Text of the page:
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B2000: Towards a stronger, fairer tax system

Hon Dr Michael Cullen
Minister of Revenue

15 June 2000


Towards a stronger, fairer tax system

The Inland Revenue Department gets a funding boost of $35.7 million in the Budget.

Revenue Minister Michael Cullen said the increase was "a significant improvement" on what might have happened had there not been a change in government.

"The IRD was scheduled to take a $30.4 million cut in the 2000-01 financial year. We could not allow that to proceed as it would have damaged the department's ability to do its job properly. This Government is committed to rebuilding capacity in the State sector and to promoting a strong and effective public service," Dr Cullen said.

The additional money would assist the IRD to administer the tax system, discourage avoidance and implement the Finance and Expenditure Select Committee's recommendations to make it easier for taxpayers to understand and meet their tax obligations.

"Legislation is now before Parliament to reduce the incremental penalty for late payment of tax, expand the IRD's discretion to cancel, remit or accept payment by instalment and extend the application of these hardship provisions to all tax types.

"Other initiatives arising from the FEC inquiry on the IRD's agenda for the 2000-01 financial year include a review of the compliance and penalties regime and the re-establishment of a new complaints management process.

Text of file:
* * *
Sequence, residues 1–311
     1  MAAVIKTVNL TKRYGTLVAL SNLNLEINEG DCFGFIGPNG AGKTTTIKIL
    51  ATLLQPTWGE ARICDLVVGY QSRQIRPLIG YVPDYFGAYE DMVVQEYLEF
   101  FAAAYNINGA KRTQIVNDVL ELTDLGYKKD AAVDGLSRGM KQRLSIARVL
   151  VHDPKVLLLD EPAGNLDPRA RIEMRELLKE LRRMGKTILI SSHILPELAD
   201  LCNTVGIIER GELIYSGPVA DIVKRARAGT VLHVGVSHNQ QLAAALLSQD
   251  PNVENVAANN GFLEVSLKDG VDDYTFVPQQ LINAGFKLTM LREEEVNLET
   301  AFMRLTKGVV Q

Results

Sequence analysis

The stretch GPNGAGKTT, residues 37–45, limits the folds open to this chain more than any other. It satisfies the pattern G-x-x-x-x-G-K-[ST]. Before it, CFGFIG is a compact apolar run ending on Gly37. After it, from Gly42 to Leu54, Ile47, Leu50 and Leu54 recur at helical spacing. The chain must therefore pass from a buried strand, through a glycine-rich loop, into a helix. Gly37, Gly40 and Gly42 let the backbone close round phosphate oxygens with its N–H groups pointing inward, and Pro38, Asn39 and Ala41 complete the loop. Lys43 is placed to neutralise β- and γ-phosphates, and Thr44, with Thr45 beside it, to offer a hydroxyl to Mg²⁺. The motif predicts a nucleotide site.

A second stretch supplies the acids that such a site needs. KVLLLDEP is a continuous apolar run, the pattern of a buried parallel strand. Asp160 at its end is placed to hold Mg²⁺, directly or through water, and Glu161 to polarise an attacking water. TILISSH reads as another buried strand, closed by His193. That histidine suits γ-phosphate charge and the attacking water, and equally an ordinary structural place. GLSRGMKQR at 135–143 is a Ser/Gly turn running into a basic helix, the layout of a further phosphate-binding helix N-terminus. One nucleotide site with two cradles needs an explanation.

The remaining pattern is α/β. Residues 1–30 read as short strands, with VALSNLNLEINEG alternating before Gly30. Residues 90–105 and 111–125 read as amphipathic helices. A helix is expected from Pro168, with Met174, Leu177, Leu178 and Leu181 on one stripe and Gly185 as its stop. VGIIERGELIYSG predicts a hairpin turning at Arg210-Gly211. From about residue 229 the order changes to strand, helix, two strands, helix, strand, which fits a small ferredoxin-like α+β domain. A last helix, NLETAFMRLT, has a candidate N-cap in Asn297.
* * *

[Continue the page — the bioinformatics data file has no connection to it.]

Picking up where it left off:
"These changes have a common theme, to make the IRD more responsive to the needs of the individual taxpayer," Dr Cullen said.



The Government will introduce legislation this year to require trust distributions of beneficiary income to minors to be taxed at the 33 percent trustee rate. This will limit the benefits of any income splitting through directing trust income to children. Currently this income could be taxed at rates as low as 19.5 percent. By way of comparison, Australia taxes most trust income distributed to minors at 47 percent.

"We are considering allowing limited exclusions to this new rule - for example, for court-ordered trusts.

"We will also legislate to remove the ability of a company to elect the 19.5 percent resident withholding tax rate. Companies which choose the lower rate rather than the 33 cent corporate rate obtain a short-term timing advantage before the discrepancy is made good upon payment of provisional or terminal tax.

"The Government will develop and consult on these proposals over coming months with the aim of bringing them into effect by 1 April, next year," Dr Cullen said.

ENDS

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